From my experience, I have seen some amazing advancements in the field of contract manufacturing while also seeing some WTF moments as well. These include seeing automation for manufacturing masks due to COVID while also seeing operators smoking and watching TV on his phone while operating a lathe machine. Two completely different factories in one city.
I am very excited that we are coming out with the Contract Manufacturing eBook to share these experiences with you and to give you a perspective of contract manufacturing inside the head of a contract manufacturer.
This eBook will be a collection of my perspective on contract manufacturing and you should check this out for the following reasons:
Contract manufacturing didn’t start yesterday. In fact, Contract manufacturing can go back many decades to when manufacturers started to outsource their work in defense and some other complex industries.
A Huntsville, AL, businessman, Olin King, founded Space Craft in 1961 to build satellites and communications gear for NASA, the U.S. Navy, and other governmental agencies. When NASA funding dried up in the mid-1970s, King took advantage of relationships forged with OEMs while working on the space programs.
“King knew he had all those capabilities — equipment capacity, people, and systems — so he went to companies like IBM and said, ‘let me build for you,’” said Ron Keith, founder of Riverwood Solutions, a Texas-based supply chain consultancy, and managed services company.
IBM agreed. In a 2005 interview, King, who died in 2012 at age 78, explained how it worked.
“They came to us with a box of 150 parts and some drawings and asked us to build it,” King said, according to AL.com. “So we did. Then they brought 500 more and we built that, but they still wouldn’t tell us what it was. Then they asked for 1,000 more, and we said ‘OK, but here’s some things we did to improve it.’ That turned into the IBM PC1.”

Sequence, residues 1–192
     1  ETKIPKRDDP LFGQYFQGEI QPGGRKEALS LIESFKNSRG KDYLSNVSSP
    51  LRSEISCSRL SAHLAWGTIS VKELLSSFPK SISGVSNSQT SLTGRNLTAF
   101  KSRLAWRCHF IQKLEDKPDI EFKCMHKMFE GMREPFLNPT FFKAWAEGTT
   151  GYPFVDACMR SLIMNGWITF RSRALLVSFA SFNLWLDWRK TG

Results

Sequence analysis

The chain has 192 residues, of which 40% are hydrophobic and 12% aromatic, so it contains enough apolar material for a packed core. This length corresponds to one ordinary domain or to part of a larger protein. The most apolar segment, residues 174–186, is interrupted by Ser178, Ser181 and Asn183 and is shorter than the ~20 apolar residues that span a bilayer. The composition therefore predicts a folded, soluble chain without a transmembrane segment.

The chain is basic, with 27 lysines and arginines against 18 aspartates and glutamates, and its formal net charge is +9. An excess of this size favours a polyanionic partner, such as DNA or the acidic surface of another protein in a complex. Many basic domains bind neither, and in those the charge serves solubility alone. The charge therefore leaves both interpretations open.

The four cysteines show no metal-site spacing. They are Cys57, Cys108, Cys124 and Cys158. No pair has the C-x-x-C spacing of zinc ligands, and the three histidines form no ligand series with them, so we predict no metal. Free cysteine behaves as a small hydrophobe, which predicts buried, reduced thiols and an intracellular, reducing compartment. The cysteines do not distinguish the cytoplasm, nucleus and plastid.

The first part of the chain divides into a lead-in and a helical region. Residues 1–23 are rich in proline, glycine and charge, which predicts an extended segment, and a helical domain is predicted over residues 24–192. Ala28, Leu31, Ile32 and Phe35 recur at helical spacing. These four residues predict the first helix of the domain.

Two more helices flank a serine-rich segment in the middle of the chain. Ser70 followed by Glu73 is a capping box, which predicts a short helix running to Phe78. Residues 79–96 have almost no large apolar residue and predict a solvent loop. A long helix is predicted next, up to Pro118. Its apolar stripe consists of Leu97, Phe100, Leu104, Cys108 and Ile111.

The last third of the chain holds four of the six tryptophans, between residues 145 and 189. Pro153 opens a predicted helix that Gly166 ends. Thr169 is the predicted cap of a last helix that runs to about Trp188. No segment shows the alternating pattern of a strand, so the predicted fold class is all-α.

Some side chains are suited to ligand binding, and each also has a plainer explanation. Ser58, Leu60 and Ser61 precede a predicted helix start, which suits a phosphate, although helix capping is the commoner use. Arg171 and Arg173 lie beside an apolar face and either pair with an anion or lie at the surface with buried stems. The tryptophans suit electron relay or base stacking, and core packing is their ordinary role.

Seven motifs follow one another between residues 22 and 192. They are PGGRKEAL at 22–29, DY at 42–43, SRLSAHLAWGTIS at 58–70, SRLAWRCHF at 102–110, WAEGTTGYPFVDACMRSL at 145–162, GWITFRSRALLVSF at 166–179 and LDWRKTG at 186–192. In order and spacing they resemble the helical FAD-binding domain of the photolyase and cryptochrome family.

“We just didn’t have processes in place to store non-CAD business information which was crucial to our product in our existing CAD / PDM system” says the lead engineer at the company. “So we put it in Excel. – and all the problems then flowed from that.
We had multiple places and Excel file copies which every member of the team must have access to. We couldn’t control access or maintain a master efficiently. As a result, everyone had to be an Excel VLookup expert or we would break this complicated table. The whole process was exhausting.
This time last year I personally spent 5 hours per week on BOM maintenance. It’s now 10 minutes a week. We see that same improvement with many of the lead engineers on the team. OpenBOM frees the team to do the other things that are important.”
- Global Consumer Electronic Manufacturing (Fortune 500) Company
“We are moving steadily toward running the business on OpenBOM. It just works the way we want it to work. Naturally, and as a long-established company, we have a large backlog of existing products so migration to OpenBOM takes a systematic approach. In the end, we will have a fully digital representation of our products in Solidworks and OpenBOM”
- John Ellerbrock
“We needed to get out of the business of manually tracking BOM changes in a number of places. OpenBOM checked all the boxes for us because they were easy to set up and even had a free trial period to test it out”.
- Neha Godbole
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